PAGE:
Maximum speed and overclocking
The current Intel chipsets accept the Haswell generation memory speed up to 1600 MHz, some allow higher speeds advantage by overclocking RAM. In the case of Skylake generation DDR4 the base speed is 2133 MHz (better enough to play), and Z170 chipset can increase that speed. The H81 chipset supports up to 16GB of RAM, and other current Haswell chipsets accept up to 32GB, while the Skylake support up to 64 GB. You can consult our article on motherboards (motherboards or motherboard) to learn more about it.
If you buy more speed memory nothing happens, because it is compatible but will run at the speed at which you limit your motherboard. In case the processor, motherboard and memory are compatible with their best balance bike selection (Extreme Memoty Profile or memory profiling, the most common is that they are), you can make them work to the actual speed of the memory without having to resort to overclocking. Usually you have to activate it in the BIOS, and the AMD called AMP plates.
A parameter to consider when buying memory latency. It is a parameter that indicates how fast it is able to access the data memory that stores and can be interesting to distinguish two memories same frequency. As a general rule, not going into great technical detail, is that the less the better latency.
The difference in memory performance against a 1333 MHz 1600 MHz is noticeable when playing, but from 1600 to 1866 is not so. But those who want to scrape some fps more of your graphics card is recommended that you always buy some the highest frequency that supports your plate. The difference between 1600 and 2133 MHz can be of 2 or 3 fps, while that from 1333 to 2133 can be up to 7 fps (1080p, medium quality).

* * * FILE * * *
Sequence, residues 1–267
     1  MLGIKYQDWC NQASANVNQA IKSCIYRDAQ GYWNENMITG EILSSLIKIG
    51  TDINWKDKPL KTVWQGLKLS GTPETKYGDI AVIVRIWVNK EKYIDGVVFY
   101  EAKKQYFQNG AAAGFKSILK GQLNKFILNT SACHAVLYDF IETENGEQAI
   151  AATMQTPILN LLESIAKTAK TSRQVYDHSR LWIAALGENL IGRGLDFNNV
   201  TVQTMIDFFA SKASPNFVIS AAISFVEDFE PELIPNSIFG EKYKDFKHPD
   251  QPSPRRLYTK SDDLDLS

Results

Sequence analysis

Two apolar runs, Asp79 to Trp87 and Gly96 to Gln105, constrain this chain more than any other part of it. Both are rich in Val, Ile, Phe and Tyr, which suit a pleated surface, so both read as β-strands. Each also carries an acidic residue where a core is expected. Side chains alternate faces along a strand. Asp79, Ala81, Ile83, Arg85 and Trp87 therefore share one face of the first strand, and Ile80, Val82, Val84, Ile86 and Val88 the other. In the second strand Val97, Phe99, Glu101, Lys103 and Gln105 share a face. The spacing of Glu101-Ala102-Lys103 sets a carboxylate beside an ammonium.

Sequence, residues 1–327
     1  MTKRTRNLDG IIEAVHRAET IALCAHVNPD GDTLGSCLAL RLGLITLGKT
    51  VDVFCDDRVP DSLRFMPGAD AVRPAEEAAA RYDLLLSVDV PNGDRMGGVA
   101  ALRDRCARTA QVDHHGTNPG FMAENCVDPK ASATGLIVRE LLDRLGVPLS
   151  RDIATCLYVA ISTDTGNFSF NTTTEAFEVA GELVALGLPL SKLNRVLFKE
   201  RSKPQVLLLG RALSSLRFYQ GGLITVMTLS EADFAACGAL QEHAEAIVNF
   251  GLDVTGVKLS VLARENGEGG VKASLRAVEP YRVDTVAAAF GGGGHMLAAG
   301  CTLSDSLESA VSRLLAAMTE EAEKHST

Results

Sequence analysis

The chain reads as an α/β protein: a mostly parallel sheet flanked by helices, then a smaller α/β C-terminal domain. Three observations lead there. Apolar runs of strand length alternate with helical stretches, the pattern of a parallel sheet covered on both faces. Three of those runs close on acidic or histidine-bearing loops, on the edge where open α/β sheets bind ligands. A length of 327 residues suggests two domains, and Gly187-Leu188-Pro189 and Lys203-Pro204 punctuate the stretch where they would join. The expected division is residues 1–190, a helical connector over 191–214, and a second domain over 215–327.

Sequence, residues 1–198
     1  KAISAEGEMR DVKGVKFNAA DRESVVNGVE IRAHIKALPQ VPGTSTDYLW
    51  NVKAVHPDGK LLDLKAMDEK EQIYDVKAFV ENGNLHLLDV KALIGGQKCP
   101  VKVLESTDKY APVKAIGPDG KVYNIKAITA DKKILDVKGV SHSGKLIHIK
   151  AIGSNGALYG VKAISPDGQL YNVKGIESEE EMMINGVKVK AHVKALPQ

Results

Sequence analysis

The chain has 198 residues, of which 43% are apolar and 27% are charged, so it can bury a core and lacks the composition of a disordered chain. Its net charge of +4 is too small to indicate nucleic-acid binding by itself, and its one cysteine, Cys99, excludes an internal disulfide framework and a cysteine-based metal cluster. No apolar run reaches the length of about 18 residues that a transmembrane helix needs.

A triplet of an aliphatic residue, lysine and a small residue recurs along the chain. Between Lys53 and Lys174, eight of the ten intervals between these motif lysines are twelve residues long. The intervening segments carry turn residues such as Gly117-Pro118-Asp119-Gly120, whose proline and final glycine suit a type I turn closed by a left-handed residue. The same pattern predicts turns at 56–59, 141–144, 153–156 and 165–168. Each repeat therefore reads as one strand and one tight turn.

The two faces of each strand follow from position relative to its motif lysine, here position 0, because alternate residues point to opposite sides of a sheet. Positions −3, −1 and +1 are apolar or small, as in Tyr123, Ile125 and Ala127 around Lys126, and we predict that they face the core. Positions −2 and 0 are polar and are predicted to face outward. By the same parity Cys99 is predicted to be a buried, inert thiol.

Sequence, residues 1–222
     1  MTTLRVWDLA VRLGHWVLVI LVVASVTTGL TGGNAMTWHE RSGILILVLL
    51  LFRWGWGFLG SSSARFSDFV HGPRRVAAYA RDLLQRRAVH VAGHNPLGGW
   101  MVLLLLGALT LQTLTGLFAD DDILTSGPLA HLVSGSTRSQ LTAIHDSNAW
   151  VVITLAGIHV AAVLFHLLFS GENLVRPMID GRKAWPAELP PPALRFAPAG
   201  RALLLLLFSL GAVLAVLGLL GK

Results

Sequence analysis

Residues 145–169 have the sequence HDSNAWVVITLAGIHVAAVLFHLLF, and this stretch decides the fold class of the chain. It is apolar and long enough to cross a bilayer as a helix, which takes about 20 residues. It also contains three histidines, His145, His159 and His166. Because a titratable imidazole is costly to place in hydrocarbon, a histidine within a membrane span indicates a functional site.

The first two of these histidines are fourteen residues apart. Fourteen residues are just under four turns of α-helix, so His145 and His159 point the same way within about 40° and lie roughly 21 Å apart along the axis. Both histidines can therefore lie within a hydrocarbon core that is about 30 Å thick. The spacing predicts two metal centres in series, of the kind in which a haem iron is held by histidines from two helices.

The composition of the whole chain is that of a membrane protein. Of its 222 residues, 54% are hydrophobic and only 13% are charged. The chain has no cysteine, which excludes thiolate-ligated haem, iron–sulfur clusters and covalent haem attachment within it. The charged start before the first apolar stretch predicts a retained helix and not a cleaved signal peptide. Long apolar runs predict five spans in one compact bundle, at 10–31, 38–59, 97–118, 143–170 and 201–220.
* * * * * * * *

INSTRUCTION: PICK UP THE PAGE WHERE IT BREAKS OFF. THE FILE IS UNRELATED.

The latency parameter you will see depicted as 9-9-9 or the like in the data sheets of the memory modules. They are the values of sub-timing or sub-beats. You have an excellent article (in English) on the website AnandTech about it if you want to know what exactly indicates each value. The lower, the better.
Keep in mind that increasing the memory frequency will increase the sub-beats, but access times measured in nanoseconds, will be lower, so do not worry if your memory 1600 has 9-9-9 and your memory 2133 It is 11-11-11. It is a parameter that can distinguish same frequency which is faster. Furthermore, in a lot of applications it affects the bandwidth available (that is based on the frequency) latency.